Dillingham's vicious animal ordinance and the administrative and lower court appellate proceedings are remarkably problematic. Because Haggblom has not demonstrated that these problems actually prejudiced her attempt to protect her dog, Muneca, I concur in the result reached today, but write separately to call attention to deficiencies in the ordinance, its administrative enforcement, and the superior court appeal.

My comments are not driven by undue sympathy for Muneca or her owner. The evidence permits an objective fact finder to find that Muneca bit Simpson without provocation. Even though the bite was minor, the dog's undisputed conduct places Muneca squarely within the class of animals subject to Dillingham's legitimate interest in public *1001 safety. It also makes Muneca subject to appropriate sanctions under any well-drafted ordinance.

But today's opinion implies that there is nothing wrong with Dillingham's ordinance, in the way Dillingham applied it to Muneca, or in the way the superior court appeal proceeded. These implications require response.

The ordinance. Dillingham's animal control ordinance contains sixteen chapters, only one of which is implicated here. Chapter 7 deals with “nuisance” animals, “dangerous” animals, and “vicious” animals. Muneca was found to be a vicious animal. The ordinance does not define “vicious” as such, but classifies as vicious any animal that bites a person or animal without provocation (or gives an indication it “is able” to bite without provocation). Vicious animals are to be euthanized within forty-eight hours, following any necessary quarantine period. The issues at any appeal hearing for an animal that allegedly bit without provocation are strictly limited to whether the animal bit a person or another animal and whether the bite was without provocation.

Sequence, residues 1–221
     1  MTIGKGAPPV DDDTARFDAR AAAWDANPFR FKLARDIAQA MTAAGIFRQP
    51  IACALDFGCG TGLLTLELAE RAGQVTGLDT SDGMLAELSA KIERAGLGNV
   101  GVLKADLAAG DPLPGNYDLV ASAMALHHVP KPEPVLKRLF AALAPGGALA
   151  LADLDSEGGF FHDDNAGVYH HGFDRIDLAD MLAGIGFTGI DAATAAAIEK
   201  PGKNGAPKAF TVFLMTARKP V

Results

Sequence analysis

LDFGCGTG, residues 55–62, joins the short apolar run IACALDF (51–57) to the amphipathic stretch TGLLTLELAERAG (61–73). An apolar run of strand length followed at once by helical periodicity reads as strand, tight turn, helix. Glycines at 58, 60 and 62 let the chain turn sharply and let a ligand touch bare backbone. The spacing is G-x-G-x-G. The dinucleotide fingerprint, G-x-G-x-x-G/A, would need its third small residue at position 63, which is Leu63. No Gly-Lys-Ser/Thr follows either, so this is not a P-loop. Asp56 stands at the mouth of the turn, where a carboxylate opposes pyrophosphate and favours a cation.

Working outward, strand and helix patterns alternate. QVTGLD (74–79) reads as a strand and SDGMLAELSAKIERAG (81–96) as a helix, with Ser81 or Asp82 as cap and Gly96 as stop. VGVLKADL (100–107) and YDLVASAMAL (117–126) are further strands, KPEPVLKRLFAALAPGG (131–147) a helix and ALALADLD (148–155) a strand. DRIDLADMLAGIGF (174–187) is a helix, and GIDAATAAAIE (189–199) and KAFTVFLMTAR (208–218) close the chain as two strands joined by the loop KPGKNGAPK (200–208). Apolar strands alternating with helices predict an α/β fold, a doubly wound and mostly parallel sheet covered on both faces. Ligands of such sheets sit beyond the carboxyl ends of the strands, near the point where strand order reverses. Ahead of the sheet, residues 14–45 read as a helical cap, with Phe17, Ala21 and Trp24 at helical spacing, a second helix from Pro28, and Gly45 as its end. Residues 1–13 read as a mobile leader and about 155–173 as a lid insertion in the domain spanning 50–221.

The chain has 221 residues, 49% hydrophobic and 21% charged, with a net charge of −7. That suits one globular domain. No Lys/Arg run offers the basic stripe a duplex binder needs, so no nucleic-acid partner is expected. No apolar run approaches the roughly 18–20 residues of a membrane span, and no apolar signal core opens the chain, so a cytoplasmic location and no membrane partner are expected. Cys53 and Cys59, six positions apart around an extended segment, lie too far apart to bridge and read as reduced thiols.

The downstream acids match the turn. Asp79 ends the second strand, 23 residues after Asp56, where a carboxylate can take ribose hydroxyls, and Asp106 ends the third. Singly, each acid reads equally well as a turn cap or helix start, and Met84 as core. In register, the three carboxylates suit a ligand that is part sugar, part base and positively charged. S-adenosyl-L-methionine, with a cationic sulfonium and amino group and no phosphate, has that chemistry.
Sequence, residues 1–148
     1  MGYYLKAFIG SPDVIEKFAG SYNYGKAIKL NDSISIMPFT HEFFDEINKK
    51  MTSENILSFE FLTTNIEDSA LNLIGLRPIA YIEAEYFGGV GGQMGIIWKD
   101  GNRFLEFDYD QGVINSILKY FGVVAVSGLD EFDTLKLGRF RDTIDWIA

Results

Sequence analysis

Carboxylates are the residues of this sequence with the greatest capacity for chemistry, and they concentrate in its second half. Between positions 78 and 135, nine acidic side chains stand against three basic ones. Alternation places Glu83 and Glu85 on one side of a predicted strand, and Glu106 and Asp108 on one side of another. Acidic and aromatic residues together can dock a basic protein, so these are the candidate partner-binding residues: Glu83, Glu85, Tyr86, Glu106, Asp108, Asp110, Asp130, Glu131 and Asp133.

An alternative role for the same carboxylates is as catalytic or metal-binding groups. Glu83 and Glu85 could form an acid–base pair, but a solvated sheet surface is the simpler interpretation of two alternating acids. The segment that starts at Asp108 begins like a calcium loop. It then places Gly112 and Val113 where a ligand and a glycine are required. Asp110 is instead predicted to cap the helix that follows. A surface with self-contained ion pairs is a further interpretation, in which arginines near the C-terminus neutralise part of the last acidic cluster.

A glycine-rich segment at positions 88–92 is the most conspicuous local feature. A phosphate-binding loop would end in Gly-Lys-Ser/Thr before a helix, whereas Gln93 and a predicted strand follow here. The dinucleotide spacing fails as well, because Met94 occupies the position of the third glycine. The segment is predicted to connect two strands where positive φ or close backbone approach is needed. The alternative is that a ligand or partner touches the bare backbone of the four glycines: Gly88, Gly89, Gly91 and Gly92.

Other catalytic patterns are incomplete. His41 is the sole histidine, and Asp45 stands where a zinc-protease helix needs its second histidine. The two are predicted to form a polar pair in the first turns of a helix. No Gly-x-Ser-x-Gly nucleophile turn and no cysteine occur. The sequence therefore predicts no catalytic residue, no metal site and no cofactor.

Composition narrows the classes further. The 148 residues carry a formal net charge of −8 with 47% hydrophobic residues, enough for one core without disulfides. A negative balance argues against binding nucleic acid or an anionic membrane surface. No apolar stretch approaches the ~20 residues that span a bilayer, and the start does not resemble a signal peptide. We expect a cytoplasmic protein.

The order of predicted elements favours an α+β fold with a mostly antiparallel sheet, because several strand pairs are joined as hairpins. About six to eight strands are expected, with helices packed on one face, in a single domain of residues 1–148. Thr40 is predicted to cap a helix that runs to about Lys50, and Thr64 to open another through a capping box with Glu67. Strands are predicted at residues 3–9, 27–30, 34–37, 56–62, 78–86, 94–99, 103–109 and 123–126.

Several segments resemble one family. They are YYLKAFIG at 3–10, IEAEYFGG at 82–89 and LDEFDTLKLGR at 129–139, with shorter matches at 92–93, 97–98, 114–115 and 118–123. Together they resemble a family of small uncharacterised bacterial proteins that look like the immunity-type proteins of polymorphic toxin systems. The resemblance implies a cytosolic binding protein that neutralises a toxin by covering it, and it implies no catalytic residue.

Its length may imply that Dillingham's animal control ordinance is comprehensive. But comparison with the animal control ordinance we recently reviewed in West v. Municipality of Anchorage reveals that Dillingham's *1002 ordinance provides an inflexible and arbitrary process for dealing with animals that bite without provocation. The Anchorage ordinance contains five behavioral classifications, three of which distinguish between an animal that “bites,” an animal that inflicts an “aggressive bite,” and an animal that causes “serious physical injury.” It also lists eight types of exceptions. And in addition to euthanasia, it describes a broad range of lesser restrictions for three of the classification levels that presuppose unexcepted biting.

In comparison, Dillingham treats all animals inflicting unprovoked bites the same, classifying them as “vicious.” In theory it requires that they all be euthanized.

Dillingham's vicious animal ordinance has two particular deficiencies.

First, it provides no functional standards for distinguishing vicious animals from non-vicious animals. The ordinance does not distinguish between the horse that playfully or mistakenly nips someone giving it a carrot and the dog that escapes its yard and mauls a child. It does not distinguish between animals indisputably vicious and those indisputably not. It contains no standards that tell enforcers how to administer the ordinance in practice; it likewise does not tell those subject to enforcement how to determine whether their animal is vicious and exposed to euthanasia. This means owners have no announced standards to guide them in deciding whether and how to dispute a viciousness classification and oppose the animal's destruction. Likewise, the ordinance contains no standards distinguishing those animals subject to the city's legitimate interest in safety from those that are not. It similarly contains no standards distinguishing those animals requiring the most severe sanction from those for which destruction is not needed, and for which destruction is not a rational or permissible governmental response.